Australia’s biggest maritime mystery has been solved 80 years after the sinking of the warship HMAS Sydney.
Able Seaman Thomas Welsby Clark, 21, was posted to HMAS Sydney four months before it was destroyed on November 19, 1941.
All 645 crew aboard the Australian warship died.
Able Seaman Clark had trained as an accountant in Brisbane, then served in the army before being transferred to HMAS Sydney.
He was buried on Christmas Island but the remains were exhumed in 2006 and samples of bone and dental collected before reinterment at the war cemetery in Geraldton, Western Australia.
Able Seaman Clark was identified as the ‘Unknown Sailor’ after advances in testing that enabled a trace through the paternal line of a family, known as Y-DNA.
The painstaking research involved experts from the Royal Australian Navy and the Australian Federal Police.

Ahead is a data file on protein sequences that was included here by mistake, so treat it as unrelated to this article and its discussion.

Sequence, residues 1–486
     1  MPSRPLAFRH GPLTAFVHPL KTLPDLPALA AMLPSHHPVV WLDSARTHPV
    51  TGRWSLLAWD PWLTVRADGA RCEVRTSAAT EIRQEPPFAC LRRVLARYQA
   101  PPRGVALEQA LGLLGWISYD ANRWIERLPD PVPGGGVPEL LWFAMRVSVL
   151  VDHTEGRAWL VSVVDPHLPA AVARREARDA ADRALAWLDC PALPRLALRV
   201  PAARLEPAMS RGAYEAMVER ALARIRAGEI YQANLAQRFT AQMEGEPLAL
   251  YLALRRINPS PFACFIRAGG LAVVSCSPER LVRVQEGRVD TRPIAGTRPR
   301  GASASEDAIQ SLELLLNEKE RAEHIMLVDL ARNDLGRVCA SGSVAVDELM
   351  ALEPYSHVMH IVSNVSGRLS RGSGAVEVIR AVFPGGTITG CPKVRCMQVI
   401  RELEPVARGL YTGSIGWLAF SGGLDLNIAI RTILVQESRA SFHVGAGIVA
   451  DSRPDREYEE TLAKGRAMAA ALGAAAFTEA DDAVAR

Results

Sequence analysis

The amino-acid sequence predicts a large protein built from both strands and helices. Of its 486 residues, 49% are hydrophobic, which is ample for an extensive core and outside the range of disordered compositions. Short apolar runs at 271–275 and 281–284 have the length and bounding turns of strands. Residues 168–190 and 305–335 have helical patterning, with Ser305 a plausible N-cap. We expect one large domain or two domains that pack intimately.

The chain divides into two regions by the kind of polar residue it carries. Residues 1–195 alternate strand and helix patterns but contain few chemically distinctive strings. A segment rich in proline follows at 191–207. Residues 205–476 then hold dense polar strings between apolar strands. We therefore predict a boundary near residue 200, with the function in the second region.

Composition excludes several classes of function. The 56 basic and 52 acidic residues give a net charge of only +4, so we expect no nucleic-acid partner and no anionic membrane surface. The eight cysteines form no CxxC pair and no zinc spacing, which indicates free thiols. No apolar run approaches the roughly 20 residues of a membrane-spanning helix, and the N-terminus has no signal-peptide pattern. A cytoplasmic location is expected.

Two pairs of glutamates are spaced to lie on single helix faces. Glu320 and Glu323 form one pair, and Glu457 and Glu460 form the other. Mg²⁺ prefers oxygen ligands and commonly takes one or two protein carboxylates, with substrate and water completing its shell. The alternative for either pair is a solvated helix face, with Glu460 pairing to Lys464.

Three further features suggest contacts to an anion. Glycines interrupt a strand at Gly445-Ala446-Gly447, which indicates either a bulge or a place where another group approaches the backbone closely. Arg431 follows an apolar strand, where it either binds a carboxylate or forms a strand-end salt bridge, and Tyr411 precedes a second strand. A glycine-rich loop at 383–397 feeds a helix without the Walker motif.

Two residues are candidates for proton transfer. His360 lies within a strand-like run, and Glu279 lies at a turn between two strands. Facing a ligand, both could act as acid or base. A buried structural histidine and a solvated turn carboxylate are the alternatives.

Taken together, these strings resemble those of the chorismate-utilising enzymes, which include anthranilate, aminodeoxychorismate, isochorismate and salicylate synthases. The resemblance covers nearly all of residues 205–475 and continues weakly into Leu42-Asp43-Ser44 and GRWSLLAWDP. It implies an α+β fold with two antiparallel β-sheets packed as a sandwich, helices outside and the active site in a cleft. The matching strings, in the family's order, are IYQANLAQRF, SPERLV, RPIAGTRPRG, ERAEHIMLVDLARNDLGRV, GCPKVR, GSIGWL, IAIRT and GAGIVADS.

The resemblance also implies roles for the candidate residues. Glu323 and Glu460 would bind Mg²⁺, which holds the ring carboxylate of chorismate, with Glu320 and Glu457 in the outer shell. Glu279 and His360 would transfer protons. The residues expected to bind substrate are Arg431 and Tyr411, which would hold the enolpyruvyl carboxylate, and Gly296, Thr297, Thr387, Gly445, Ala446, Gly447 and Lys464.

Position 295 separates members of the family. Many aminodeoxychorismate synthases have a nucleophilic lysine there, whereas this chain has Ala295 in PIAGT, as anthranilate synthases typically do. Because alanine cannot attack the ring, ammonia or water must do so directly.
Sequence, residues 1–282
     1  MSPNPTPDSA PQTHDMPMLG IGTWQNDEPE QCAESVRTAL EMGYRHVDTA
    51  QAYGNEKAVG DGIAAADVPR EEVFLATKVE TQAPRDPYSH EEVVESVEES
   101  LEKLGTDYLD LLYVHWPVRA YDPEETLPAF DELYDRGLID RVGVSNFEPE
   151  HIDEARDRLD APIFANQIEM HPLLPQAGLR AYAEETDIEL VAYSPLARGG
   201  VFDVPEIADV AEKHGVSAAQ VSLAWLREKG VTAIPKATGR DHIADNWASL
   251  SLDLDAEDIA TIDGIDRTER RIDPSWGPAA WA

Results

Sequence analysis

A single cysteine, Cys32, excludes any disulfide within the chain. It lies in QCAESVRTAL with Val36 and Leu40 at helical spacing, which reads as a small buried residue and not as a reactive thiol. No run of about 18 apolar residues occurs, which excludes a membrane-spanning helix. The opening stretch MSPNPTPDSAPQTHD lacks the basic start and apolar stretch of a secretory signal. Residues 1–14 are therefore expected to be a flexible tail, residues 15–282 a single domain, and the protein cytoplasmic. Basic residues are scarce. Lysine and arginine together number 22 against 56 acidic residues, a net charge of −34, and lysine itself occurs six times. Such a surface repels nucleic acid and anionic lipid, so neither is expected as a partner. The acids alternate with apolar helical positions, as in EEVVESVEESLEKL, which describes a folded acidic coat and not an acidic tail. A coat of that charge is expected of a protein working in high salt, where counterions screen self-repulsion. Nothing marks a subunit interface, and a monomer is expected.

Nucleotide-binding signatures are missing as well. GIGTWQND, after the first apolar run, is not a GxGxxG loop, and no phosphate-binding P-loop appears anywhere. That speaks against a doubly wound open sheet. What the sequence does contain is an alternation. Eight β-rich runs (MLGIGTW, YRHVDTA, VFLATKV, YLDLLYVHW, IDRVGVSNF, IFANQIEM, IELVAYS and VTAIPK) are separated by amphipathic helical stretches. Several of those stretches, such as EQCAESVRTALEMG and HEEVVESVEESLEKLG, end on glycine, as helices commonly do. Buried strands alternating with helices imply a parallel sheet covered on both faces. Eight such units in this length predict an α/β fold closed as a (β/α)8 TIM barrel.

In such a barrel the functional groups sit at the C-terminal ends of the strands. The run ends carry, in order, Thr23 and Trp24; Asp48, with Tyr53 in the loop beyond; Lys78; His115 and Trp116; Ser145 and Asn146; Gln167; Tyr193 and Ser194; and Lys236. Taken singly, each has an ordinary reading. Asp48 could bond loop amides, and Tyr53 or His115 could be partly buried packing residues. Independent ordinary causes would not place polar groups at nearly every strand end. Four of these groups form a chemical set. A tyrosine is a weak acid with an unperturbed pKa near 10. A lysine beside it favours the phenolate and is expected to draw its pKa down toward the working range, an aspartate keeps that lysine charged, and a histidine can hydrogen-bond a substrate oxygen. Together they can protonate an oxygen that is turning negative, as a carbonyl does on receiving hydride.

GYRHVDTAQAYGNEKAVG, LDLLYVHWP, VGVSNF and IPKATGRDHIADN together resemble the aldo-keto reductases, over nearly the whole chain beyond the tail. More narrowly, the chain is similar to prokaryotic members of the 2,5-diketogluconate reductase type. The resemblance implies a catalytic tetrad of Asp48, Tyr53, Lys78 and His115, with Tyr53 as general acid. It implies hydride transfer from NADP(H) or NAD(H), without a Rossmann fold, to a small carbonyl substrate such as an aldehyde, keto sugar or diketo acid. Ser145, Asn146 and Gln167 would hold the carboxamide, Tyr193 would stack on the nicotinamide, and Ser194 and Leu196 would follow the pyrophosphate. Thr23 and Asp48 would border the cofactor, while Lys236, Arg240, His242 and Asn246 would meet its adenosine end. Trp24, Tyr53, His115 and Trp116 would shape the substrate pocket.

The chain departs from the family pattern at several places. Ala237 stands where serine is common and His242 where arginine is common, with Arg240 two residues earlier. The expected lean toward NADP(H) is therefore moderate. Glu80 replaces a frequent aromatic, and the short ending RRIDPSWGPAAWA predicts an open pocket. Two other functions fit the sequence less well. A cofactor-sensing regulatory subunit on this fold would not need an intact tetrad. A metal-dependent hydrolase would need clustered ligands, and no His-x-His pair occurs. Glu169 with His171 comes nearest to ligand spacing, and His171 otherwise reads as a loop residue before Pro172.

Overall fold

The sinking of HMAS Sydney was the largest loss of life in the RAN, the biggest Allied warship lost with all hands during World War II, and a major blow to Australian morale.
With no survivor testimonies, the cruiser’s loss has attracted speculation for decades, with many historians believing she was ambushed by the German vessel.
Just how the heavily-armoured and powerfully gunned Australian vessel was lost to an armed merchant vessel has been the subject of debate over decades.
The official Australian Government inquiry concluded that both ships were travelling at 14 knots when Kormoran, disguised as a Dutch freighter, de-camouflaged, showing her battle flag before opening fire.
In March 2008, the Australian Government announced that the wreckage of both ships had been found, approximately 112 nautical miles off Steep Point, WA.